Morris Langley   70   Boat Builder   Y

Mary Langley   65     Y

George Suddery   50   Hair Dresser   Y

Thomas Wilson   65   Carpenter   Y

Mary Suddery   11     Y

 

We learn from the next census that George Suddery was the Langleys’ son-in-law. He was a widower and we can presume that 11-year-old Mary was their grandchild. George may have been married to the Langley’s elder daughter, Mary Ann.

Mary was supplementing their income by taking in Thomas Wilson as a lodger.  

By 1851 their fortunes had changed for the worse.

1851 Census. 112 Lower Street, Deal

Maurice Langley   Head   Mar   82   Pauper Boatbuilder   Deal

Mary Langley   Wife   Mar   78     Eythorn

George Suddery   Son-in-law   Widr   62   General Dealer   Sandwich

Mary A T Denne   Daughter-in-law   U   21   Milliner   Deal

 

Morris had gone from running his own boatbuilding business to receiving poor relief.

Deal was in decline. As steam replaced sail, ships could forge up the Channel and into the Thames without needing to anchor off theDowns. The luggers which had provisioned them, and transferred passengers and mail, were less in demand. Boatbuilders’ order books must have suffered.

Henry Kingscote, writing to the Times in the 1850s pleads for donations to the Deal Boatmen’s Fund. “The consequences of this decline in the business of Deal is shown by the poor-rates, which for several years have exceeded 6d in the £, and in the increased and increasing number of families in the parish dependent upon different descriptions of charitable assistance.”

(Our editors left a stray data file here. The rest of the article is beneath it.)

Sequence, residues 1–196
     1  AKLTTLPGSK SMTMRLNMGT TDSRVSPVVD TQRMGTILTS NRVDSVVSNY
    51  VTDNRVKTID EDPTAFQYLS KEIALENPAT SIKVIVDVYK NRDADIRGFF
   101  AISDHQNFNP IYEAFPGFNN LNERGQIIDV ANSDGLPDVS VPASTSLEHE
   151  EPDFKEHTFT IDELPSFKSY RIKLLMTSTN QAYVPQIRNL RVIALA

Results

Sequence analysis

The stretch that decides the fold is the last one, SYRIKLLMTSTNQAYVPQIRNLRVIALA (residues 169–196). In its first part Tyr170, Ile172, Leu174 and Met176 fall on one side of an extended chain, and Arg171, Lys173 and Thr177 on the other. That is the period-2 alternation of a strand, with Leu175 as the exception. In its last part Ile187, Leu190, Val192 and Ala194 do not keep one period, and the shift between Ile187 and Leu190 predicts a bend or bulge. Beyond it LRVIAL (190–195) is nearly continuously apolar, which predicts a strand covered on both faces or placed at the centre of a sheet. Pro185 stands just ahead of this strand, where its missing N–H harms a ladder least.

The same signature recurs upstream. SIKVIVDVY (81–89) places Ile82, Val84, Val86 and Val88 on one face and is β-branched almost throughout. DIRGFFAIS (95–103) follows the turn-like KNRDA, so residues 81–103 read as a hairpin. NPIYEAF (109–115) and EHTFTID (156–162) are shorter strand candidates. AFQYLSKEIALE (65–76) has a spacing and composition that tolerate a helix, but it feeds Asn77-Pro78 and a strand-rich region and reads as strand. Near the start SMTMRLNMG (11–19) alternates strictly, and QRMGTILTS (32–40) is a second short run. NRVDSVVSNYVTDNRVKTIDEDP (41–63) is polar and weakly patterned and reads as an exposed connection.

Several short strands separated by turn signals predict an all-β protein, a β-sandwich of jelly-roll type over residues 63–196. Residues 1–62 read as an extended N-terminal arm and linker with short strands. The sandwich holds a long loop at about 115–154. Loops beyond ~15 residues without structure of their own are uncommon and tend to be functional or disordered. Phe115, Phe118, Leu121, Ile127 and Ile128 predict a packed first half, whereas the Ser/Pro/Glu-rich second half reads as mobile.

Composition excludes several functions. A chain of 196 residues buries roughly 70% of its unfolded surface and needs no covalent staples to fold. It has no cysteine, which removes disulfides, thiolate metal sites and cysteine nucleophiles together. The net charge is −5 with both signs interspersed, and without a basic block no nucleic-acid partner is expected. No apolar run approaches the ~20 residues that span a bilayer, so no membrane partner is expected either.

It was, in addition, quite common for men who had had profitable businesses in the prime of life to fall into poverty with old age.

George Suddery has changed his occupation to general dealer. It is not clear whether Mary Denne, recorded as their unmarried daughter-in-law, is the Mary Suddery of 1841.

 

Morris died later that year

Burials. Deal

1851 Morris Langley. Lower Street. Oct 8. 83.

 

Mary survived him by six years., dying in the third quarter of 1857. She was 84.

 

 

Information from Deal registers is from the KFHS microfiches of transcripts.

www.claysontree.com

Will of William Clayson, www.claysontree.com

John Laker, History of Deal . T.F.Pain & Sons, Deal

Laker, p.398.

 

 

 

Next Generation: 5. CORY-LANGLEY

Previous Generations: 7. CLAYSON-HOLMAN

 

 


The wreckers have seized Jenny's father. Can she light the lamp in the lighthouse to save the ships on this stormy night?